Stith: Rock Springs High School at Front of Line for $200 Million in Construction Funds

Stith: Rock Springs High School at Front of Line for $200 Million in Construction Funds

Representative Clark Stith, R-Rock Springs, speaks during the morning session February 8, 2023 in the House Chamber. Photo by Michael Smith

ROCK SPRINGS – There will be $200 million set aside for high school construction in Wyoming and Rock Springs is at the front of the line to receive funding should the state legislature adopt a budget proposed by the Wyoming Legislature’s Joint Appropriations Committee (JAC).

Rep. Clark Stith, R-Rock Springs, spoke to the Rock Springs City Council Tuesday night about the session beginning Feb. 12, as well as budget developments from the JAC that took place earlier Tuesday. Stith is a member of the JAC.

“Sweetwater County and Rock Springs I think did pretty well in this budget draft so far,” Stith said.

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Stith said $200 million was set aside for new high school construction, with Rock Springs, Cheyenne, and Gillette as prime candidates to receive new school funding.

“Rock Springs is … of those three, first in line. At least in theory,” Stith said.

A new high school for Rock Springs has long been a goal for Sweetwater County School District No. 1 as the current high school is considered overcrowded and is near the end of its useful life. Outgoing Superintendent Kelly McGovern and the district’s board of trustees have presented large amounts of evidence underlining the need for a new school. The new high school is projected to cost approximately $160 million, though not all the money set aside under the JAC’s budget proposal could be used to fund construction. The district would need to find ways to build nonessential facilities such as a swimming pool.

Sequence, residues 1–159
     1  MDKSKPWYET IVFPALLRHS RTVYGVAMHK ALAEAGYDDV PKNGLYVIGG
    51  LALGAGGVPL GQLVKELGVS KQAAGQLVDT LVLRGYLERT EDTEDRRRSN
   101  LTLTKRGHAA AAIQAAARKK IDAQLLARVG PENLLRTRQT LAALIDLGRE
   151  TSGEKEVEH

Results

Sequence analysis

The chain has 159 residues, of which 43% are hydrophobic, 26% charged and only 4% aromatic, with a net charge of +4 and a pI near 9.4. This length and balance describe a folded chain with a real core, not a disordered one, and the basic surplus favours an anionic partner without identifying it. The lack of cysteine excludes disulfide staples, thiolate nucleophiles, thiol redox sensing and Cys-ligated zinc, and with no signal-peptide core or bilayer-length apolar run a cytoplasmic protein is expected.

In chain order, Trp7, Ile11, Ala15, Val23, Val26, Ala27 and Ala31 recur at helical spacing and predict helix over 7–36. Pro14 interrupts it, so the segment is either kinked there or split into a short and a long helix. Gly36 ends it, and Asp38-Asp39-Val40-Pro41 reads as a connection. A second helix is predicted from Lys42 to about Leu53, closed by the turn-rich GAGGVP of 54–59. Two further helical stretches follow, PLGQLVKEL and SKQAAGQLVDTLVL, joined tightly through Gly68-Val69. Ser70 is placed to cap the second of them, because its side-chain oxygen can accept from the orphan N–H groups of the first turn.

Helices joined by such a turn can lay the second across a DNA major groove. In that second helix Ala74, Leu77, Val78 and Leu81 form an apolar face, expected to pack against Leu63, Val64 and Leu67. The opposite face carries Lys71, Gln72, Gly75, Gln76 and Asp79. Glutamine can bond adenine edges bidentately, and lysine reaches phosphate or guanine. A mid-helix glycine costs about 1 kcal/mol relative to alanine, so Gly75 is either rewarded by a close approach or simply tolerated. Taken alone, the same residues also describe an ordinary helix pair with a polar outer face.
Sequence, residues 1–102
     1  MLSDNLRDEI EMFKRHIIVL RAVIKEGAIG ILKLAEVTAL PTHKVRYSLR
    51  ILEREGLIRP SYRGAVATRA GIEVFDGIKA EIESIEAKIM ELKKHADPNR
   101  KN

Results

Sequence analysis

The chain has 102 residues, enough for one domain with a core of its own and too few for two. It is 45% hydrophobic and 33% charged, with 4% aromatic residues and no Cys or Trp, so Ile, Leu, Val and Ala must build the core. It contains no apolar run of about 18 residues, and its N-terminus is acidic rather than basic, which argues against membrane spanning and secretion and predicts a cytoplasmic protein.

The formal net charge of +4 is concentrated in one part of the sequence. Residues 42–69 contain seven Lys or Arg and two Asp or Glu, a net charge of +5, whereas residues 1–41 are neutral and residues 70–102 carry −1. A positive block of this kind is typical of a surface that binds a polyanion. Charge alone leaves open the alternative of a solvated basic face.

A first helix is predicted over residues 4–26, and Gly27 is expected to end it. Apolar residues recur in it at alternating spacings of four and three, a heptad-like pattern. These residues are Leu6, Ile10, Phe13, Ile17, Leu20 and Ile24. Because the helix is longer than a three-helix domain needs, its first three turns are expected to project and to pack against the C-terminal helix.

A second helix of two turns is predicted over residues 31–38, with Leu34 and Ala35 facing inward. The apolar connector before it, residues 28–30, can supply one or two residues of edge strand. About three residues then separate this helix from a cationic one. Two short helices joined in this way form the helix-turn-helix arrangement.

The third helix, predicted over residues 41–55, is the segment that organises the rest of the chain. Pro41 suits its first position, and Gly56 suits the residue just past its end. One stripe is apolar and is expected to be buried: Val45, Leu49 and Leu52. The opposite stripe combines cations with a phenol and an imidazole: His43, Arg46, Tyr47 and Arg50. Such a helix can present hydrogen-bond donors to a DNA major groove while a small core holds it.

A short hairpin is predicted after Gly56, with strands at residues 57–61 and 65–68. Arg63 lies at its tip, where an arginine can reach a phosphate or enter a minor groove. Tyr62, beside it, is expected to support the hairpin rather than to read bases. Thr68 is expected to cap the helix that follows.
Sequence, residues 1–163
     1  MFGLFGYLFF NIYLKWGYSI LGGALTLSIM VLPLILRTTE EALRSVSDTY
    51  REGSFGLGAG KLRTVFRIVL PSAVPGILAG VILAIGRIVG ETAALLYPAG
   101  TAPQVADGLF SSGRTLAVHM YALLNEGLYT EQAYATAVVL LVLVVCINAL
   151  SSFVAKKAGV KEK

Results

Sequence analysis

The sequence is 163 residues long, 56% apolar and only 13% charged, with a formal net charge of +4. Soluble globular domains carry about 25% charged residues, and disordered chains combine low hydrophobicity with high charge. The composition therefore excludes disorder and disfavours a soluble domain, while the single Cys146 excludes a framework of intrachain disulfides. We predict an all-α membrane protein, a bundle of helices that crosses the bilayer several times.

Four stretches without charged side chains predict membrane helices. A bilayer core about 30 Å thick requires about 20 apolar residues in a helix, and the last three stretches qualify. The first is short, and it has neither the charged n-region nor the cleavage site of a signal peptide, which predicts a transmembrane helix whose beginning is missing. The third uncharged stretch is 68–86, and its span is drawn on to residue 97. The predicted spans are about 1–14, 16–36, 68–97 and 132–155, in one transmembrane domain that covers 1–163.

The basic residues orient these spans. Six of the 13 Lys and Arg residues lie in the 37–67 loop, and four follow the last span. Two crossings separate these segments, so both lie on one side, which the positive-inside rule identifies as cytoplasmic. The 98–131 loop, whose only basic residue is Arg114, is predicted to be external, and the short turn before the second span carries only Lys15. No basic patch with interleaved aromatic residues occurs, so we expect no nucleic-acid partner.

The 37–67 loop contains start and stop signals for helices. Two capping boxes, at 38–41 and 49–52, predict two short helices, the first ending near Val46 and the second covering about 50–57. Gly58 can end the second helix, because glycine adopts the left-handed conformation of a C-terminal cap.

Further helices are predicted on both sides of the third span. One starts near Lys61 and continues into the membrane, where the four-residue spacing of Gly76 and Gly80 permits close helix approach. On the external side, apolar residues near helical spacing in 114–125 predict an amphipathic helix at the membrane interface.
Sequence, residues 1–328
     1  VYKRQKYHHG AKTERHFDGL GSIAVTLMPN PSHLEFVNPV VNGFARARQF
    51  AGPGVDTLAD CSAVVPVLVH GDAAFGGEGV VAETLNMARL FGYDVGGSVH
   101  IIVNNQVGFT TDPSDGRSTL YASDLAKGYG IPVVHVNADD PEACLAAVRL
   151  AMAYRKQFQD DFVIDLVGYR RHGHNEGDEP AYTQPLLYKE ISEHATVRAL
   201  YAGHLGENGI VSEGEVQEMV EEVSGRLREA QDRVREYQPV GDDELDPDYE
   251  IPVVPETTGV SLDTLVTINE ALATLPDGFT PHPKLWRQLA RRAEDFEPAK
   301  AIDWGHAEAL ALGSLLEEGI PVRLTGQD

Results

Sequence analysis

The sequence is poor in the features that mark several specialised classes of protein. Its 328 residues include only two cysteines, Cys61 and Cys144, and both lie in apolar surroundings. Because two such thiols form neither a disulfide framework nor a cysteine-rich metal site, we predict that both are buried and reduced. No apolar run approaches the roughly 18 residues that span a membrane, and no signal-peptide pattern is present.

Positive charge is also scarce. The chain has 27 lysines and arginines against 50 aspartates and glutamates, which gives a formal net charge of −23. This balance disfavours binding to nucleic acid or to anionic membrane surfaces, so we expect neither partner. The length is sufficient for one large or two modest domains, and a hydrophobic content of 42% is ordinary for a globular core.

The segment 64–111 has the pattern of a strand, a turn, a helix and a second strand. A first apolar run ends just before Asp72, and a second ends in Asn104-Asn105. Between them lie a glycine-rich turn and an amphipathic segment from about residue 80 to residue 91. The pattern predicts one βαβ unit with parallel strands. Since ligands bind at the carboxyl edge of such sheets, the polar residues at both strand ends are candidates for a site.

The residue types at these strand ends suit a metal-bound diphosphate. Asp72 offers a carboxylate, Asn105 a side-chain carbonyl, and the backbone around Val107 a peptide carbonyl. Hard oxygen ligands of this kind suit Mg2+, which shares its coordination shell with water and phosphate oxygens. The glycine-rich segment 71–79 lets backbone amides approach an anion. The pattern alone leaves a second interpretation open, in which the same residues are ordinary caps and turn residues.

“It seems like a lot of money, but in five years, if we got the funding now, in three to five years, you got a new building,” Dan Selleroli, the school district’s facility manager said during a school board meeting October 9, 2023.

Other aspects of the proposed budget will impact Rock Springs. Western is set to receive $1 million under the proposed budget, which could be used to seek additional grant funding. Also, If approved, cities will have $800,000 to apply for which can match with $2.4 million of federal funding that can help with infrastructure needs such as the Rock Springs Bitter Creek restoration project.

The budget proposed by the JAC is more frugal than what was proposed by Gov. Mark Gordon, spending approximately $31 million less than his recommended budget.